Muslim pleads guilty over Web “South Park” threat

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South Park

South Park

Mus­lim con­vert Jesse Cur­tis Mor­ton pleaded guilty Thurs­day to using a Web site he cre­ated to post threats against South Park cre­ators Matt Stone and Trey Parker.

Jesse Cur­tis Mor­ton, 33, of Brook­lyn, admit­ted in court papers filed with his plea that his Rev­o­lu­tion Mus­lim site was an out­let for al-Qaida pro­pa­ganda. He also acknowl­edged that he used the now-defunct site to make thinly veiled threats against oth­ers whom he con­sid­ered ene­mies of Islam.

Mor­ton also uses the name Younus Abdul­lah Moham­mad. He worked closely with Zachary Adam Chesser, sen­tenced last year to 25 years in prison for the South Park threats and other crimes.

Days after Chesser was arrested in July 2010, and fear­ing that he’d be charged as well, Mor­ton left the United States and took a teach­ing job in Morocco. Arrested last Octo­ber in Morocco, he has been in cus­tody since then, mostly in soli­tary con­fine­ment at the Alexan­dria, Vir­ginia city jail.

Mor­ton posted the first issue of the al-Qaida mag­a­zine Inspire on his site in 2010, post­ing a dis­claimer say­ing it “should not be deemed that we are dis­play­ing any advice or sup­port, mate­r­ial or oth­er­wise, for any insti­tu­tion deemed ille­gal or ter­ror­is­tic by the U.S. gov­ern­ment and its thought police.”

The mag­a­zine included a spe­cific call from al-Qaida cleric Anwar al-Awlaki for the assas­si­na­tion of Seat­tle car­toon­ist Molly Nel­son, who had sug­gested “Every­body Draw Muham­mad Day” fol­low­ing the con­tro­versy over a 2010 South Park episode depict­ing the prophet Muham­mad in a bear cos­tume. Nel­son was forced to go into hid­ing; many Mus­lims con­sider draw­ings of Muham­mad to be offensive.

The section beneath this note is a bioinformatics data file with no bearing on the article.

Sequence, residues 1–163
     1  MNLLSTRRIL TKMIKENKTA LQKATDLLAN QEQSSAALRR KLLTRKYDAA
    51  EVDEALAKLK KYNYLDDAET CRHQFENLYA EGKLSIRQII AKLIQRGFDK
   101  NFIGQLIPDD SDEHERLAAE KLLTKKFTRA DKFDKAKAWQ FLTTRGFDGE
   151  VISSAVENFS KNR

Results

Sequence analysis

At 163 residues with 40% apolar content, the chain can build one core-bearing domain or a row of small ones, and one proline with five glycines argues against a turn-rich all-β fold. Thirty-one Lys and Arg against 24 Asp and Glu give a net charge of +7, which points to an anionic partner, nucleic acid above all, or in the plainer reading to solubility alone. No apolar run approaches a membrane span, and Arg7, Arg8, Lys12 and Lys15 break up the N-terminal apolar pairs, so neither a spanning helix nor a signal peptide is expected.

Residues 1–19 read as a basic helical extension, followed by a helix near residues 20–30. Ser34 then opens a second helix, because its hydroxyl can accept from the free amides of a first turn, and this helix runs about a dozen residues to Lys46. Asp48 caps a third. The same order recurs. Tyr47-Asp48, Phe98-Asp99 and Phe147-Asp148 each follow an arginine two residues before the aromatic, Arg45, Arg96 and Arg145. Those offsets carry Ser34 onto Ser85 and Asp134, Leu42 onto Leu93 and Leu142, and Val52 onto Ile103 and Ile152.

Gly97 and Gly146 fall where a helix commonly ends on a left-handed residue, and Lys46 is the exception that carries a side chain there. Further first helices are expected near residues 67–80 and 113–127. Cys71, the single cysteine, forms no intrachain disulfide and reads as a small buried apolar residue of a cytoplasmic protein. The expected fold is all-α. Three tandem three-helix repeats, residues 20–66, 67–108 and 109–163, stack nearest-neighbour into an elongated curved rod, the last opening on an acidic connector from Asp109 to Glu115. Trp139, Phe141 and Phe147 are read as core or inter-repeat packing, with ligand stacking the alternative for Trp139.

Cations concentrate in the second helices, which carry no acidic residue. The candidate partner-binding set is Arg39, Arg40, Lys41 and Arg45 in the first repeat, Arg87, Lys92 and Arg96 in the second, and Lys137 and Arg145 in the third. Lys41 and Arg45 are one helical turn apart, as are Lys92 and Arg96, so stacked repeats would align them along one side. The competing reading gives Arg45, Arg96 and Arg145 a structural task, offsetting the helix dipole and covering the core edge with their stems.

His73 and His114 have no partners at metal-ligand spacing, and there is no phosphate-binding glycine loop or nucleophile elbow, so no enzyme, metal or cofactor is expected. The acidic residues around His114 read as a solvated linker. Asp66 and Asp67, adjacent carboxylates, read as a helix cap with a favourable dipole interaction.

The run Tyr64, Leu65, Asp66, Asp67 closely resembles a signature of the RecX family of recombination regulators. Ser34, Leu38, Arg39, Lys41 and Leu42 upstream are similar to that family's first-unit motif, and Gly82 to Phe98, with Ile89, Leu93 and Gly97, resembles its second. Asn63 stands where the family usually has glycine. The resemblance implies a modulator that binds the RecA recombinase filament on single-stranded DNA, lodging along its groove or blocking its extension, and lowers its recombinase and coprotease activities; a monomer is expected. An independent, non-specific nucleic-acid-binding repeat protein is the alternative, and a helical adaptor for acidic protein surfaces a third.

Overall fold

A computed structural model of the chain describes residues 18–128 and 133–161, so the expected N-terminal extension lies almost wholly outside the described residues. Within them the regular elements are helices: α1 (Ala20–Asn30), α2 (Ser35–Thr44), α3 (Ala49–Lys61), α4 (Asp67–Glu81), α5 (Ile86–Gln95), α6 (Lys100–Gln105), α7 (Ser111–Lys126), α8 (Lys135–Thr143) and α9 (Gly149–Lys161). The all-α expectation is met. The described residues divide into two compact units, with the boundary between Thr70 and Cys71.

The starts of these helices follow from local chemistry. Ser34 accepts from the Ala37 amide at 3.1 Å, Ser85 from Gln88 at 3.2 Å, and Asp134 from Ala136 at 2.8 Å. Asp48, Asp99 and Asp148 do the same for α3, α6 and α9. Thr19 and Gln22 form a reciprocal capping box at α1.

Mor­ton and Chesser worked closely on mak­ing state­ments respond­ing to the South Park con­tro­versy that they thought would be allowed legally, but which would still state a clear threat that would encour­age oth­ers to act vio­lently against Stone and Parker. The state­ments “pre­dicted” that South Park’s cre­ators would have the same fate as Dutch film­maker Theo Van Gogh, mur­dered in 2004 for mak­ing a movie that was deemed insult­ing to Islam. Ear­lier, Chesser posted a photo of Van Gogh’s corpse and the address of Com­edy Cen­tral, which airs South Park — and a sug­ges­tion that read­ers “pay a visit” to Stone and Parker.

He’s acknowl­edged he broke the law, and it’s just for him to face pun­ish­ment,” Morton’s lawyer, James Hund­ley, said after Thursday’s hear­ing. “He admit­ted cross­ing the line, though he was try­ing very hard not to.”

After the South Park affair, Mor­ton and Chesser dis­cussed the fact that “Rev­o­lu­tion Mus­lim” had become the 68th most searched term on Google. They also sought ways to take advan­tage of their expo­sure, an FBI affi­davit said.

In some ways, the South Park threats were prob­a­bly the least sig­nif­i­cant of the things that were hap­pen­ing” with Rev­o­lu­tion Mus­lim, said Assis­tant U.S. Attor­ney Gor­don Kromberg, who pros­e­cuted the case.

A Com­edy Cen­tral spokes­woman declined com­ment Thurs­day on Morton’s guilty plea.

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